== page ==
Does clearing of axillary lymph nodes contribute to accurate staging of breast carcinoma?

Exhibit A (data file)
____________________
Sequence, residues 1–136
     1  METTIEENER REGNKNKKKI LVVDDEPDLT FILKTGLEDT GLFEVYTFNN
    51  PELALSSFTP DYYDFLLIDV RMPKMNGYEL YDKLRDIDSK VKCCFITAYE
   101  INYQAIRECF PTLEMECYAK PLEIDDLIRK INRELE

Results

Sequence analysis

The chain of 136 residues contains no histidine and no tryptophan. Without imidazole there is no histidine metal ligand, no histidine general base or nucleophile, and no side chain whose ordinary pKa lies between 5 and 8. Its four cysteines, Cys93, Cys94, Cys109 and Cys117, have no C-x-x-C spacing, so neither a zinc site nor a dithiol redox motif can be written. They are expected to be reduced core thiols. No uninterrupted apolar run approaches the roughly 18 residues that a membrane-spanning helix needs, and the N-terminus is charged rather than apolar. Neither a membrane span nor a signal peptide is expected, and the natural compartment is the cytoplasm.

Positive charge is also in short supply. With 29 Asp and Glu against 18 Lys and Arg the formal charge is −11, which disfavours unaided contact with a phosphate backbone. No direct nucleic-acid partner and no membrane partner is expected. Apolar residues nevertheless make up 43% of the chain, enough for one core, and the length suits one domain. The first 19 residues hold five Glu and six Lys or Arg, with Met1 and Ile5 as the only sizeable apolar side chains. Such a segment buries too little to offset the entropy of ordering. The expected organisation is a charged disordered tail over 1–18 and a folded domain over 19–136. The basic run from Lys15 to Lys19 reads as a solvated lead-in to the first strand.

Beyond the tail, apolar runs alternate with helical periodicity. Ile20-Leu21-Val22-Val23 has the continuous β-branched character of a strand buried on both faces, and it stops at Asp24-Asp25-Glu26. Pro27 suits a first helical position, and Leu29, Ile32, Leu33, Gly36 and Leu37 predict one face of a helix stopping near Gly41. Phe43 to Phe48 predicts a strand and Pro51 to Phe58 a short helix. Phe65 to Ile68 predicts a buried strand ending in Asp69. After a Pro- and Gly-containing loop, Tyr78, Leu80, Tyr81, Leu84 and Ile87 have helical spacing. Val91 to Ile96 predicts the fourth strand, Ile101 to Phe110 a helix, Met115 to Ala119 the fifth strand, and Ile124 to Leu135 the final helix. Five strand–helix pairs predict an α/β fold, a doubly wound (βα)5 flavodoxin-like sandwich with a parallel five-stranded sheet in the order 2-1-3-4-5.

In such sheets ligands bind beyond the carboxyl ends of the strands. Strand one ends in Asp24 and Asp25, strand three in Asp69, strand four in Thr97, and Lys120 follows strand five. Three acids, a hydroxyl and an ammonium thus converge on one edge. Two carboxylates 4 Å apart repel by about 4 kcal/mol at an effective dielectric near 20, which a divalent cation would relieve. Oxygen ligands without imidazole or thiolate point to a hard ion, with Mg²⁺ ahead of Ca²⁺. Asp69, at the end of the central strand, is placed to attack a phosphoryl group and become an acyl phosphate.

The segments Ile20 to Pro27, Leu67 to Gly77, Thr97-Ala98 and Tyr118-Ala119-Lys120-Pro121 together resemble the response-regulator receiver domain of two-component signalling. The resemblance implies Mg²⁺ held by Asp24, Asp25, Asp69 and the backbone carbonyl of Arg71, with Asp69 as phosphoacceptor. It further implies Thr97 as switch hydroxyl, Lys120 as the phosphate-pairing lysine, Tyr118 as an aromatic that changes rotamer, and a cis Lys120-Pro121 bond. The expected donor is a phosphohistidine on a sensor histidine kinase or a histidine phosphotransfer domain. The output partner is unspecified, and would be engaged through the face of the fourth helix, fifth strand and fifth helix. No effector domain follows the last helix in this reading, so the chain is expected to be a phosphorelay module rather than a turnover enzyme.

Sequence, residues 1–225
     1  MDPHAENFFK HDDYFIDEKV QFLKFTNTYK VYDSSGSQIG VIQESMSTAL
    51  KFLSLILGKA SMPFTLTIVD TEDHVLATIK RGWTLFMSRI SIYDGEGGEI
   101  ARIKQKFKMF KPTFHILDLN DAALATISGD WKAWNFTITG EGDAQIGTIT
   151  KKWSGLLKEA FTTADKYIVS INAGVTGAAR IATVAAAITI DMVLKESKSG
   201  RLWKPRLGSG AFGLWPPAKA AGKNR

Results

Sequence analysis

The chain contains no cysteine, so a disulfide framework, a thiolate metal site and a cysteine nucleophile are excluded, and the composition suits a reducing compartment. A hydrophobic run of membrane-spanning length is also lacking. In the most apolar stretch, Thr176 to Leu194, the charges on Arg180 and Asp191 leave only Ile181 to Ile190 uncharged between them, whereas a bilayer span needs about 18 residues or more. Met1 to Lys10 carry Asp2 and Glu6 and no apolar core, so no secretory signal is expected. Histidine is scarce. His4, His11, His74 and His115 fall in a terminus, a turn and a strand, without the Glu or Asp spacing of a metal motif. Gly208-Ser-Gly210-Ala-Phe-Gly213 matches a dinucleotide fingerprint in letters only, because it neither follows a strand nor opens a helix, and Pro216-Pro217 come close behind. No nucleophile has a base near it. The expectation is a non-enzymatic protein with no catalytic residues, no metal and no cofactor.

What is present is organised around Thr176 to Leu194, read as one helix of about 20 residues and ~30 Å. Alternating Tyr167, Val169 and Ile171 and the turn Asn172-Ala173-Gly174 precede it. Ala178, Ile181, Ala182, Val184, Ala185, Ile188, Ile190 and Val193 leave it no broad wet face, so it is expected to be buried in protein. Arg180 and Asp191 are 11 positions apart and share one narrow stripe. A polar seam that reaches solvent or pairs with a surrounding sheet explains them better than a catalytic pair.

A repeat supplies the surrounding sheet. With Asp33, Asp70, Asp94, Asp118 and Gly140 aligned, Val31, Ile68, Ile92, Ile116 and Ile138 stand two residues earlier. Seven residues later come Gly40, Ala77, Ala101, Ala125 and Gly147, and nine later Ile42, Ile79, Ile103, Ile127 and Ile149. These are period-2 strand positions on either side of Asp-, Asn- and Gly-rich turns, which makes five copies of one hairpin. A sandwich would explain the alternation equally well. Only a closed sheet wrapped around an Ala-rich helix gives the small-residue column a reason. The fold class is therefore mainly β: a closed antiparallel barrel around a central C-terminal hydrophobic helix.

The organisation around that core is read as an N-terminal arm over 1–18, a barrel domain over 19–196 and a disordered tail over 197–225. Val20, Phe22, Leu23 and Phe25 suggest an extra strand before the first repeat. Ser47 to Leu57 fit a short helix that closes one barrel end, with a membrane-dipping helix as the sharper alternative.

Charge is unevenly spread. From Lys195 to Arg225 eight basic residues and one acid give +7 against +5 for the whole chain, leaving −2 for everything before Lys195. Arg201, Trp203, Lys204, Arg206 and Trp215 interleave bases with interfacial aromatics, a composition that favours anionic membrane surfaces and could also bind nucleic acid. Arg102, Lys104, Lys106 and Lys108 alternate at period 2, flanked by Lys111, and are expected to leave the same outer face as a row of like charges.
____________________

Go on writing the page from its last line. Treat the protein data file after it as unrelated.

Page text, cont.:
The major prognostic indicator in carcinoma of the breast is the presence of metastases in axillary lymph nodes. However, 25% of patients with negative axilliary nodes by standard pathologic techniques are dead of metastatic breast carcinoma within 10 years. "Clearing" of the axillary fat has been shown to increase the yield of lymph nodes. Forty-two pathologic Stage I and II breast carcinoma specimens were cleared following routine pathologic examination to determine whether stage was changed by the clearing procedure. A total of 857 lymph nodes were recovered from 42 patients by routine techniques. Clearing increased the number of nodes found by 30%, to 1114. In the 31 node-negative patients an additional 178 nodes were identified, increasing the mean number of nodes per patient from 20 to 26. The number of additional nodes found per specimen ranged from 0 to 19. None of the additional nodes identified contained metastases. In the node-positive patients, 79 additional nodes were found by clearing, including 33 with metastases. No change in stage resulted, although the mean number of nodes per patient was increased from 22 to 30. Although an occasional positive lymph node may be overlooked by manual dissection, the rarity of this event makes routine clearing of the axillary contents impractical for carcinoma of the breast except in a research setting. Whether this conclusion applies equally to other tumors and other lymph node groups requires further study.